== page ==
good curriculum (reinforcing the importance of a well-sequenced, knowledge rich curriculum based around subjects)
good behaviour and culture
good pastoral support
However the report does acknowledge that this will not be sufficient to close the gap, which has widened as a result of Covid lockdowns. Thus it makes recommendations to look at funding to support improving outcomes for three specific groups in particular – white working class, Black Caribbean and mixed White and Black Caribbean.
Racial activists and campaigners will not like the parity given but it is the only just outcome given the disparities that exist within the education system. To prioritise non-white British pupils resulting from spurious assertions of structural racism based on US centric ideas and ideological stances will not result in a more just education system in the UK.
Other recommendations include asking the government to invest in research to understand what factors drive the success of high performing pupils’ communities including Black African, Chinese, Bangladeshi and Indian ethnic groups, and how it can be replicated to support all pupils. In a multi-ethnic and racial society it is right that all should learn and benefit from the strengths of all groups and such research has been needed for decades now. This would also enable a better understanding of how different factors such as class and parental attitudes impact on outcomes.
Two recommendations that I think need careful thinking through are the provision of after-school enrichment. The report uses spurious data on the impact of creative after school clubs on reading outcomes (such transfers are highly unlikely) but it is true that disadvantaged pupils should have access to a wide range of after school clubs and in identifying the barriers to such, clearly the policy has been thought through.
On the curriculum, the report highlights the need to teach an inclusive curriculum which would forge integration and aspiration. Personally, I think the issue of outcomes and inclusivity should be treated separately – it’s unlikely that an inclusive curriculum will lead to improvements in results. As Shelby Steele has highlighted in the US, initiatives which seek to improve self-esteem by teaching Black Americans more Black literature, history, etc, have not succeeded. Usually this is because the core offer is unchanged. Reading a class of Pakistani boys a story that contains a Pakistani character is not going to change outcomes if phonics teaching is weak and school lessons are disrupted.
I would have liked to see a recommendation that research into what is actually is taught in schools be conducted as the charge of racism and lack of diversity relies on anecdote. However, a good curriculum should be broad and balanced in a number of ways. My own small scale research highlights that too often the lack of coordination between primary and secondary means repetition of history units for example. This leads to a lack of diversity in any kind of history teaching – local, British and world history. However in calling for a more inclusive curriculum, the report does not insist that everyone is represented on the curriculum as it’s clearly not going to be possible. A move away from liberal over promising on this issue is welcome.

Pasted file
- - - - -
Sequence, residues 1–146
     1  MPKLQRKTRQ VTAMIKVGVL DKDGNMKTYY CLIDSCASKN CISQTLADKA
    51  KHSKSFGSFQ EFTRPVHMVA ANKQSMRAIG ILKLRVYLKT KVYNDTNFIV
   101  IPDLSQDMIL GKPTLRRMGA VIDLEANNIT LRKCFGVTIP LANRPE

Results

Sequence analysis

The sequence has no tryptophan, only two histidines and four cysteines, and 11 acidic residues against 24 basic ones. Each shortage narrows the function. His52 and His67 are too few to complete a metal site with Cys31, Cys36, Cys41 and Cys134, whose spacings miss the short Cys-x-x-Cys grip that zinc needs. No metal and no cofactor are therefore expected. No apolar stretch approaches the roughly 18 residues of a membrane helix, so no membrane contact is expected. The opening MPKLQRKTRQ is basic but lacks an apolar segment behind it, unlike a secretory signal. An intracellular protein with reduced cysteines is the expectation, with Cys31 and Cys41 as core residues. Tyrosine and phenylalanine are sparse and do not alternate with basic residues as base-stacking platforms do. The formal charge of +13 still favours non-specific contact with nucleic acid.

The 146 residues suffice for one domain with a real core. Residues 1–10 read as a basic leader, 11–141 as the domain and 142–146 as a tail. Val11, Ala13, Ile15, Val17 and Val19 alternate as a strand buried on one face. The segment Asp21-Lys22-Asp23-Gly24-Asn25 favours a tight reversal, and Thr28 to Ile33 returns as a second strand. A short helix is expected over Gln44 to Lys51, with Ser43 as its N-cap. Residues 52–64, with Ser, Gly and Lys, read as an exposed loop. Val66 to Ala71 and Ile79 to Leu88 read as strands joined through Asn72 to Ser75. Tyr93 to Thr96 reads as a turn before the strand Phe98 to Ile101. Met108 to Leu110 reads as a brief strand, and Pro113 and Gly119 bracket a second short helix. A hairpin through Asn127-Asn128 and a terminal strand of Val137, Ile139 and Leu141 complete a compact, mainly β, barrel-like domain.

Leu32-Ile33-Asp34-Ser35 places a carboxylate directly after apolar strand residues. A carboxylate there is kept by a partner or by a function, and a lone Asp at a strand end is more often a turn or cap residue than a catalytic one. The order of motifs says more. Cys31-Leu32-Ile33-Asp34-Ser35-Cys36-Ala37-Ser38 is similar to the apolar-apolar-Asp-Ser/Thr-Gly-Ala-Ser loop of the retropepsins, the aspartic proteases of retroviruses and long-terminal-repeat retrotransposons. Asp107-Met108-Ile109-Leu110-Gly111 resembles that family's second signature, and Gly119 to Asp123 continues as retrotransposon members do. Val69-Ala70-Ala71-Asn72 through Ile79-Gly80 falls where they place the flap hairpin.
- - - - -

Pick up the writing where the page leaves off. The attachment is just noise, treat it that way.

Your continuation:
While the current curriculum contains the flexibility to teach a curriculum that is more inclusive, it is true that teachers lack resources and training to be able to deliver this. However the report is clear that the teaching of British history should be in a balanced manner, thus rejecting the one sided racially politicised narratives of BLM and CRT advocates. It is welcome that the report reinforces the requirement to ensure that political neutrality is maintained in the teaching and goes on to suggest an online national library of high quality resources which are embedded within the subjects in the statutory curriculum. This would certainly ensure that schools are not using materials created by political activists for the purposes of actively politicising pupils.
My only concern is that a panel of experts could easily result in organisational capture especially with the call for representatives of subject associations. For example, the Historical Association would seem to be a primary candidate to be on such a panel yet their lurch into intersectionality and historic revisionism makes it unsuitable to oversee such a library of resources. Other subject associations have similarly subscribed to CRT principles. The DfE does need to think about how to create such a panel so that experience and expertise, as well as political neutrality is maintained in the resources provided.
Overall the findings of the report are welcome. It rightly highlights the successes in the education system as well as identifying where improvements need to be made and how. The evidence based nature of the report counters the politically motivated smearing of teachers and schools as racist as orchestrated by those in the media and by activist organisations. Instead it highlights a subtle, nuanced picture of the current education system and meaningful ways to move forward to ensure fairer outcomes for all groups of pupils.
 CRED – page 55
 CRED – page 69
 CRED – page 58
 CRED – page 57